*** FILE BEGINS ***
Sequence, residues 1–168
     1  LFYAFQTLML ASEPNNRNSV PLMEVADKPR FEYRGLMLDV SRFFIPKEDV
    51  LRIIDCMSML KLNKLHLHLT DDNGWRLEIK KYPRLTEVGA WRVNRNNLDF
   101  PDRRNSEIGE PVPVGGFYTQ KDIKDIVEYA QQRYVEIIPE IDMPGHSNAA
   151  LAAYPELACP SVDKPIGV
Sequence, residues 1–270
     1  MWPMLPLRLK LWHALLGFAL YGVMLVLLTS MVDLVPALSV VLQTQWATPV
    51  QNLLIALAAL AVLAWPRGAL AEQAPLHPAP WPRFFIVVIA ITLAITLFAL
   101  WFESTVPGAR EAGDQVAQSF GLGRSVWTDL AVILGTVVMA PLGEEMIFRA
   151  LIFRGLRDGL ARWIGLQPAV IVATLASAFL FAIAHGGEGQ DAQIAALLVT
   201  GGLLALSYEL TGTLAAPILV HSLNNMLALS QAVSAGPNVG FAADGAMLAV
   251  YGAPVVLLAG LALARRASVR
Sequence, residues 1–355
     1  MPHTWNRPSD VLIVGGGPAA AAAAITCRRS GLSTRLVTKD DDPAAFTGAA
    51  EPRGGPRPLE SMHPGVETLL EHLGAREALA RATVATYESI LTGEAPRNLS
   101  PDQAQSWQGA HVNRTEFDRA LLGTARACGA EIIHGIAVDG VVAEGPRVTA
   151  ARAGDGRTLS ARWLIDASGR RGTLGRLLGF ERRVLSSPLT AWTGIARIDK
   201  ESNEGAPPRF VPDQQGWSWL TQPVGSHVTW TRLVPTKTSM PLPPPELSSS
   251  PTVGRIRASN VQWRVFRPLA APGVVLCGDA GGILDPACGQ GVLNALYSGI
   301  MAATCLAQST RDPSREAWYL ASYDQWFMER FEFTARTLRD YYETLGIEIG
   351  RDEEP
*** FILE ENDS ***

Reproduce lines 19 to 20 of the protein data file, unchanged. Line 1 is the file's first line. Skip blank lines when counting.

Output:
   251  PTVGRIRASN VQWRVFRPLA APGVVLCGDA GGILDPACGQ GVLNALYSGI
   301  MAATCLAQST RDPSREAWYL ASYDQWFMER FEFTARTLRD YYETLGIEIG